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Israel okays 4th shots for elderly at care homes as daily COVID cases near 5,000

HMOs start administering fourth shots to immunocompromised people; long waits reported at testing sites throughout the country as Omicron spreads

Medical staff administer COVID-19 tests at a Magen David Adom testing center in Jerusalem, on December 30, 2021. (Olivier Fitoussi/Flash90)
Medical staff administer COVID-19 tests at a Magen David Adom testing center in Jerusalem, on December 30, 2021. (Olivier Fitoussi/Flash90)

Israel’s national health providers began administering fourth vaccine shots against COVID-19 on Friday to individuals with compromised immune systems.

The Health Ministry’s Director-General Nachman Ash on Thursday okayed the boosters for immuno-suppressed people due to the Omicron infection wave, so long as at least four months have passed since their third shot.

On Friday morning Ash also approved vaccines for elderly patients at geriatric facilities. The ministry said this was done “due to concerns of outbreaks at such facilities, and the risk to the health and lives of residents.”

As infections rise throughout the country at a swift rate, there were reports on Thursday and Friday of heavy traffic at testing sites, where some people were forced to wait hours to get swabbed.

Ali, a tester in Jerusalem, told the Ynet news site the facility was seeing “an increase we’ve never experienced” in people coming in for tests. “We work for eight hours at the site and there’s a test every 40 seconds. It’s insane. There’s no rest.”

New data from the Health Ministry Friday morning showed infection rates continuing their rise, with nearly 5,000 new cases diagnosed Thursday.

The virus’s basic reproduction number — the number of people each case infects, on average — also maintained its upward trajectory, standing at 1.71.

A child receives a COVID-19 vaccine at a vaccine center in Jerusalem on December 30, 2021 (Olivier Fitoussi/Flash90)

Meanwhile, the number of severe cases remained stable at 93. The majority of seriously ill patients are unvaccinated.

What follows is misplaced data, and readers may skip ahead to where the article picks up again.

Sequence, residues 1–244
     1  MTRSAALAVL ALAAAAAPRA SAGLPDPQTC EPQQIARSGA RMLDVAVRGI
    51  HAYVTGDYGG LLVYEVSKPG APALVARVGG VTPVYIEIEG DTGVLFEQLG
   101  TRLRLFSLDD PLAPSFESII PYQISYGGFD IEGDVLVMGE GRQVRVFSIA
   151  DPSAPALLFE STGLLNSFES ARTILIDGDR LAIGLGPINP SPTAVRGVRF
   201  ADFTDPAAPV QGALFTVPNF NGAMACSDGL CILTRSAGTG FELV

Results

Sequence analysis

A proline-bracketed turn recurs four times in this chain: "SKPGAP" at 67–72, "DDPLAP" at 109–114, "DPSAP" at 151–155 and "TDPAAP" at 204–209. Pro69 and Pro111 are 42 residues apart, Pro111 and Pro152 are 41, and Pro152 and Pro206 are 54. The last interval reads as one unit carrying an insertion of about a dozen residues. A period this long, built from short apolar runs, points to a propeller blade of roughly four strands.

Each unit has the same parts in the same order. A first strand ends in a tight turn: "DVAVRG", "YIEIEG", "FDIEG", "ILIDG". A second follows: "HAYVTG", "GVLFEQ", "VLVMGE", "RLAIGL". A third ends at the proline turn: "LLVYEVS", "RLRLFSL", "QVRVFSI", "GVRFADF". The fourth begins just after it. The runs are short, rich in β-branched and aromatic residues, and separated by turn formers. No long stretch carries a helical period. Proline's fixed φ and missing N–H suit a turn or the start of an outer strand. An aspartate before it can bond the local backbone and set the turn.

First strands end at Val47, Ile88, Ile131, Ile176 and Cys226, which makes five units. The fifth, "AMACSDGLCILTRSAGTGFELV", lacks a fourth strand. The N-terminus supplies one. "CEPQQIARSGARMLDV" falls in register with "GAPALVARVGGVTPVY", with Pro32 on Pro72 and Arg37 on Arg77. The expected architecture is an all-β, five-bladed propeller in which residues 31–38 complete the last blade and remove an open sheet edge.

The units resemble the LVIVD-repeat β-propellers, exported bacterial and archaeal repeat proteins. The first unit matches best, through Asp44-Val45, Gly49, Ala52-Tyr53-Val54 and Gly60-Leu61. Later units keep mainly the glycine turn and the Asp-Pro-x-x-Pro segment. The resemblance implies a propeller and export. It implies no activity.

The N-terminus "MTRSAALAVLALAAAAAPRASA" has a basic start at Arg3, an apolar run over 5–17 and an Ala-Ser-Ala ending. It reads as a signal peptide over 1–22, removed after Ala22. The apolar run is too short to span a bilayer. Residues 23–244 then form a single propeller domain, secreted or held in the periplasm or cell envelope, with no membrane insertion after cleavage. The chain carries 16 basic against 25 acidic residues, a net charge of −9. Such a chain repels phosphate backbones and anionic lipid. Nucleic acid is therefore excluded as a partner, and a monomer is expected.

The rise in cases came as South Africa, where the highly contagious Omicron variant first appeared, announced that it believed the wave of infections had quickly peaked and was now on the decline.

Omicron is thought to generally cause milder illness in most people, though it could still cause an unprecedented number of serious cases due to the sheer numbers it is expected to infect. Still, South Africa said there was no significant rise in deaths during the Omicron wave.

During a Thursday media briefing, Health Minister Nitzan Horowitz said officials are preparing for higher infection rates than ever before amid Omicron’s spread, but said that a lockdown “is not on the table.”

“We are ready for high numbers of infections and are prepared for all possibilities. The situation is under control. We prepared and practiced in advance and the situation in Israel is much better compared to the rest of the world. We gained valuable time thanks to quick and balanced actions, but that does not mean we can be complacent,” Horowitz said.

“We will continue to live alongside the coronavirus,” he added.

In a new rule aimed at curbing the spread of the virus, Ash said that masks must be worn at outdoor gatherings of over 50 people. In April, Israel lifted an outdoor mask mandate and only recommended they continue to be worn at large gatherings.

Health Minister Nitzan Horowitz speaks during a press conference near Tel Aviv, on December 30, 2021 (Avshalom Sassoni/Flash90)

Prime Minister Naftali Bennet met with health experts on Thursday who told him that Israel will likely reach 20,000 cases a day next week.

Health officials told Bennett that the Omicron-driven infection wave will reach a peak in about three weeks with record numbers of infections and serious cases, before receding, Channel 12 reported.

Some of the experts said the health system was at risk of being overwhelmed, but others disagreed, while other occupations, such as teachers and bus drivers, could see staffing shortages as more people are forced into quarantine, the report said.

Meanwhile, leading retailers threatened to strike if the government does not amend other new regulations that limit shopping, saying they are causing serious harm to their revenue while failing to curb infection rates.

People queuing at the entrance to a COVID-19 rapid antigen testing center in Jerusalem, on December 30, 2021 (Olivier Fitoussi/Flash90)

“We warned that morbidity would not go down an iota and that is what happened,” said Shahar Turgeman, head of the Association of Retail Chains.

“It’s a fake Green Pass,” Turgeman said of the requirement to only allow people with the certificate into larger stores, while all are allowed in most shopping mall spaces.

He called on the government to cancel the rules that went into effect on Sunday by next Tuesday or face a general strike.

Thursday also saw Israel get its first shipment of Pfizer’s promising antiviral COVID pill. Israel is one of the first countries in the world to receive the drug, known as Paxlovid, which lab tests have shown to be very effective against the Omicron variant.

Prime Minister Naftali Bennett called the pills’ arrival “an important addition to our toolbox in fighting the pandemic” that “will help us get through the coming apex of the Omicron wave.”

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